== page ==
In recent years we’ve heard teen voices leading the way on so many issues: climate change, gun reform, and education equity, to name just a few. With HereNow, teens are also breaking down stigma around mental health challenges — and doing so in new ways with the HereNow app that launched this month.
HereNow, a project of The Jewish Board of Family and Children’s Services with support by UJA-Federation, started several years ago. Led by teens, for teens, HereNow supports mental health, wellness, and resilience through creativity and innovative online platforms. This summer 65 teens from the New York area participated in HereNow leadership roles, guiding HereNow activities, participating in internships, and sharing their stories to help support other teens.
With depression and anxiety on the rise for teens this pandemic year, the HereNow app couldn’t come at a better time.
“I think apps are one of the main ways to make online resources more accessible to teens,” says Ray, who is a high school writing intern with HereNow. “I’m hoping that being able to just download the app will show people how simple it is to start engaging more mindfully with their mental health.”
The app has been in the works for nearly a year.
“Teens wanted this app and envisioned it before Covid,” says Pamela Schuller, HereNow director. “We put together a board of teens who wanted to help build and create it. Then Covid hit, and it became this opportunity to dive into something that was an important response to the lives that teens suddenly found themselves living.”
The free HereNow app, which is on now available on Google Play and the App Store, lets teens share articles, videos, and art. Teens can ask questions about mental health and receive personal responses from other teens and social workers. The app’s not intended for someone in crisis, but if a teen’s wondering what resources exist to cope with anxiety or depression, wondering how to help a friend they’re worried about, or wanting to explore other mental health topics, the HereNow app offers a ton of information to dip into.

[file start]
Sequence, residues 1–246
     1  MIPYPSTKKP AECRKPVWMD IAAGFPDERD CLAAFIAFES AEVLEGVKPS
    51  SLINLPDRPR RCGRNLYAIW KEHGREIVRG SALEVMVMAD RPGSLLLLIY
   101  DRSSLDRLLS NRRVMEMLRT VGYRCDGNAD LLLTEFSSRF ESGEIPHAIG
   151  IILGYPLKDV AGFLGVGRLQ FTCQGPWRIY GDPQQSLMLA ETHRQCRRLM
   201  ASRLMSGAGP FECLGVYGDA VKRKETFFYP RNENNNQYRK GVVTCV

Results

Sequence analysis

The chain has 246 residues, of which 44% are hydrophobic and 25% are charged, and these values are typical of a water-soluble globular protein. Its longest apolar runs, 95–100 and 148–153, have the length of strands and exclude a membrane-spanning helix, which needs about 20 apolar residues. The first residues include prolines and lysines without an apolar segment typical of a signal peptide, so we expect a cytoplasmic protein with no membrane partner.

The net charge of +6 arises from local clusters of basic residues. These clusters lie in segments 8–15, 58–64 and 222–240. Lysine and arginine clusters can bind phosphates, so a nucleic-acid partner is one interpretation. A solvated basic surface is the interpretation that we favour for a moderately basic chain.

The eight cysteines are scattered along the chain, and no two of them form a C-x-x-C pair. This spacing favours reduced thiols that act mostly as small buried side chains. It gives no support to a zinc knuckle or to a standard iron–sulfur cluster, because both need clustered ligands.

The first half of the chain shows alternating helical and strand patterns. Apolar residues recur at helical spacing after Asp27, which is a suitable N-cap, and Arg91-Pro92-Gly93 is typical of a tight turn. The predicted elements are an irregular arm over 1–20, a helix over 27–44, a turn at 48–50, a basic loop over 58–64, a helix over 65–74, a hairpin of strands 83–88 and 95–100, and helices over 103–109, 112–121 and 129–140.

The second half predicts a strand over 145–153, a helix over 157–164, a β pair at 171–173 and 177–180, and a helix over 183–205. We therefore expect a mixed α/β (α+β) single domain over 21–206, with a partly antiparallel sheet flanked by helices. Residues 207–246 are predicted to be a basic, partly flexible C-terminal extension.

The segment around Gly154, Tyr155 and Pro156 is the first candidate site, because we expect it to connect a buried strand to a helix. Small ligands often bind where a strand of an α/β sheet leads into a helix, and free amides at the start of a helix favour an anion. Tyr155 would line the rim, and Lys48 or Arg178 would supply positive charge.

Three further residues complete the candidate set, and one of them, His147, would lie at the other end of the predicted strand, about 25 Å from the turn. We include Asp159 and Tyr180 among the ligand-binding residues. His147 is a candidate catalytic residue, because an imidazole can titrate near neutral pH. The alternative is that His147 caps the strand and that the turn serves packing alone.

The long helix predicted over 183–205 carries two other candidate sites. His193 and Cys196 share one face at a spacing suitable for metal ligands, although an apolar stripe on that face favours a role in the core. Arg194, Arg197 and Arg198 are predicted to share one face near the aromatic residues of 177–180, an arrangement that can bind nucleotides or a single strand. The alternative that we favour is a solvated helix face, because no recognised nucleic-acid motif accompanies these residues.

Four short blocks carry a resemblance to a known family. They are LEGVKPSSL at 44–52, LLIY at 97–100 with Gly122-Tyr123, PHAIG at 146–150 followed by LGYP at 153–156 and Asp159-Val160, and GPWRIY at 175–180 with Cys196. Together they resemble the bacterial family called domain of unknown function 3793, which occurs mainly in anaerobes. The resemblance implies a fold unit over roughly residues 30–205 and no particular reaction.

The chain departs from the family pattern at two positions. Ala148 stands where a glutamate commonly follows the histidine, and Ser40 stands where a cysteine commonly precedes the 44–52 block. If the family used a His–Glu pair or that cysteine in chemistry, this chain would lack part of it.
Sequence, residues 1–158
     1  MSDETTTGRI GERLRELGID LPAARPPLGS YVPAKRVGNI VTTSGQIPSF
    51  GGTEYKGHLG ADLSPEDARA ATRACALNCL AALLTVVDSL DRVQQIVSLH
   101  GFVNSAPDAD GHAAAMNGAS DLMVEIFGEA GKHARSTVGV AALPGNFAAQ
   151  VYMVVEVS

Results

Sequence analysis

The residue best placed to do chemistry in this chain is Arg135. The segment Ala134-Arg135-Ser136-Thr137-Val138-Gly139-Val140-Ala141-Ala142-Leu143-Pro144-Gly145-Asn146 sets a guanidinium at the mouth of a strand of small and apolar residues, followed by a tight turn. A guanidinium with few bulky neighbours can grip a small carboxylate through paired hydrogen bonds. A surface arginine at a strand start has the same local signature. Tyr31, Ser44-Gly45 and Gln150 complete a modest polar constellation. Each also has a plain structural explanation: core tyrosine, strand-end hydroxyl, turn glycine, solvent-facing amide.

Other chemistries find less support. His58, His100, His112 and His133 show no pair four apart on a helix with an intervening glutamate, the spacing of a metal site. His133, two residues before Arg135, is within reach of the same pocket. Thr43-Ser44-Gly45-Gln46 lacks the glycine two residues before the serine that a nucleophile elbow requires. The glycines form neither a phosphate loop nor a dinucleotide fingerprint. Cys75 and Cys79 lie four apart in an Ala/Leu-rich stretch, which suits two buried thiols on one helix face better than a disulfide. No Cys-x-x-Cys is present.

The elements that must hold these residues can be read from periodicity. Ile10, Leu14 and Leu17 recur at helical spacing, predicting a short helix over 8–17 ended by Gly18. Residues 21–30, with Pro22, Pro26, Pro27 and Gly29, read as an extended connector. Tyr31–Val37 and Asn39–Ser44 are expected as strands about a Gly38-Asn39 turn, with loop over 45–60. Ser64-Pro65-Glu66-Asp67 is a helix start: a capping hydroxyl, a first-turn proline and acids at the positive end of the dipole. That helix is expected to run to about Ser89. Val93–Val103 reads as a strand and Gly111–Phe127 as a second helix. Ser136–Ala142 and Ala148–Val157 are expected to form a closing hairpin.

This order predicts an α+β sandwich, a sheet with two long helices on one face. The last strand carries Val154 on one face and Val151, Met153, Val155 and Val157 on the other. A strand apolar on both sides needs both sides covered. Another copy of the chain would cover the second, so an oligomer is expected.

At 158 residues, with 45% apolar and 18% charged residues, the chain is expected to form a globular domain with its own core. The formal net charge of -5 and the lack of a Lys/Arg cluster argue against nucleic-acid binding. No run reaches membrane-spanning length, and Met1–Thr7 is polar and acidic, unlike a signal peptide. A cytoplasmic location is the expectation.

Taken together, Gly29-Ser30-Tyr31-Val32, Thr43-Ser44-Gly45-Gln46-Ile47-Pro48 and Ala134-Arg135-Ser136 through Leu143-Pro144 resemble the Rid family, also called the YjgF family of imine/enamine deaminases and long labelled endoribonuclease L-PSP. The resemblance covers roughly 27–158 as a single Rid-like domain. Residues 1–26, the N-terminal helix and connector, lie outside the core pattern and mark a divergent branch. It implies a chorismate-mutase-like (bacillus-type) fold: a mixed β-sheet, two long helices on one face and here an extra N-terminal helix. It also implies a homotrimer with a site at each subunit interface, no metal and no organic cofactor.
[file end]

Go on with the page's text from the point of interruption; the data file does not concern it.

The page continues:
“I hope that the HereNow app aids in showing teens that talking about their mental health issues isn’t taboo or something to be afraid of,” says Orly, a HereNow teen leader. “Teens need an active platform to gain and give advice, and my hope is that HereNow can be that platform.”
For Ray, HereNow has already given him the chance he was looking for.
“HereNow let me have a small platform as a queer and trans Jew on issues that impact my community,” he says. “With the HereNow app, I hope more people start to realize everyone has their own mental health to take care of. The more people start to realize and open up to that, the healthier our society can be.”
To learn more, contact HereNow.